Preserving the wilderness is our patriotic duty
America is the land of opportunity. As individuals, we value the right to choose. We have the freedom to better ourselves by taking on challenges.
These wild lands have been here for millennia. Long before the birth of the United States, many knew these lands intimately. They shaped the culture and spirit of the Native American tribes who first called them home.
The American “frontier” was the edge of settled land, beyond which lay wilderness. Crossing the frontier attracted a melting pot of people, all looking for the promise of opportunity and freedom beyond what they knew as civilization. The call of the West reached multitudes, from explorers Lewis and Clark to Horace Greely. Its allure appealed to all kinds of people for every sort of reason. Always, our wild lands defined our spirit and unified us as Americans. In saving wild places, we are saving the heart of what it means to be an American.
Wild places have defined our country. Landscape painter Thomas Cole, in his 1832 essay “American Scenery,” noted that “American Scenery … has features … and glorious ones, unknown to Europe. The most distinctive, and perhaps, the most impressive characteristics of American scenery is its Wildness.”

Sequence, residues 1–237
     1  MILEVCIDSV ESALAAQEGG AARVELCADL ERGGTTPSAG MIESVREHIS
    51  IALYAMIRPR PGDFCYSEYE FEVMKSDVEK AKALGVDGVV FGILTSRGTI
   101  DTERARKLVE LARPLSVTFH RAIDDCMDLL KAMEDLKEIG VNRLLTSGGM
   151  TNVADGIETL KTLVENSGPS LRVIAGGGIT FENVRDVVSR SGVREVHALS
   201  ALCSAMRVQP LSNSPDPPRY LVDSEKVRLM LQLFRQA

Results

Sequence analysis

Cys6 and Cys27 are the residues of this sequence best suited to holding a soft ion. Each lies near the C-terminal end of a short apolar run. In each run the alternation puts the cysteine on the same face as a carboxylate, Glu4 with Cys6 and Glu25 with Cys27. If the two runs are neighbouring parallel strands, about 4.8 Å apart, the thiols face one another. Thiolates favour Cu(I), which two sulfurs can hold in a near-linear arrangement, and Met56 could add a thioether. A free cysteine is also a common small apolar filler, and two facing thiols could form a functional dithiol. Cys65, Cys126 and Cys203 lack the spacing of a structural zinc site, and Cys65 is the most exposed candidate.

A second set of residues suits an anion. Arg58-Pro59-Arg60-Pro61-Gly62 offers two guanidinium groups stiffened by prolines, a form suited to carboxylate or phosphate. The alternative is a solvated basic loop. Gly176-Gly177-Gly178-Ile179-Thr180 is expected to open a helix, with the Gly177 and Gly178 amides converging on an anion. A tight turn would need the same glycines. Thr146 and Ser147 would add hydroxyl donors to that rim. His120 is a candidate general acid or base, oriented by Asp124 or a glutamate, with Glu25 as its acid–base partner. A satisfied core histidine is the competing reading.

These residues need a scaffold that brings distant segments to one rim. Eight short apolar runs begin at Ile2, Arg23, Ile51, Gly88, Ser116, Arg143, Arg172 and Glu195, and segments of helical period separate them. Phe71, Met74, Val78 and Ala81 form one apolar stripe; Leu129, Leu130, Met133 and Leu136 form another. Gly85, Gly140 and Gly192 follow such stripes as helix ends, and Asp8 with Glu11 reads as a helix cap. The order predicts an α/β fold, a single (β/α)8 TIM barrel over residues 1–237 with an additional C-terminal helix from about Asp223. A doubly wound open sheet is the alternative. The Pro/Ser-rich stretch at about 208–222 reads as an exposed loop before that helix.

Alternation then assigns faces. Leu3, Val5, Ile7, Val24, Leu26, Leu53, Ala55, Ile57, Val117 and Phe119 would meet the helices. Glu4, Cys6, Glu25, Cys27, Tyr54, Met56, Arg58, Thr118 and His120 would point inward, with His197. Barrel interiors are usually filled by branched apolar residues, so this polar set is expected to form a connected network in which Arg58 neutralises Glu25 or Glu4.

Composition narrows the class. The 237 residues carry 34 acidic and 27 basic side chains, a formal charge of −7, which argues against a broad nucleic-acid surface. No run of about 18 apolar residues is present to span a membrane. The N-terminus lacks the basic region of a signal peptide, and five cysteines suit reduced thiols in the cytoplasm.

Wild lands are a strong part of our shared heritage. In Europe, wild lands were preserved for the nobility, the landed gentry. In America, wild lands have drawn people from all backgrounds. Beyond the villages, farms and fields were forests open to hunters, trappers, explorers and settlers. Wild lands are a mirror, one by which we define ourselves.
Davy Crockett, Daniel Boone, Jeremiah Johnson: As frontiersmen they showed a spirit inspiring generations of Americans. No less iconic were the men, women and children who trekked across the continent as pioneers to start new lives. While the “frontier” closed a century ago, what it embodies is still an important measure of who we are.
We have a patriotic duty to preserve those wild places. We need a frontier we can cross to find our own sense of who we are. If we lose wild places, we lose part of how we define our American spirit and character.
On July 4th, we celebrated the independence needed to found our nation. Let’s remember, it was the wildness of this continent that attracted rugged individuals. It is wild places that mold the independent spirit that makes America a land of opportunity and freedom.
The author is the executive director of Friends of the Scotchman Peaks.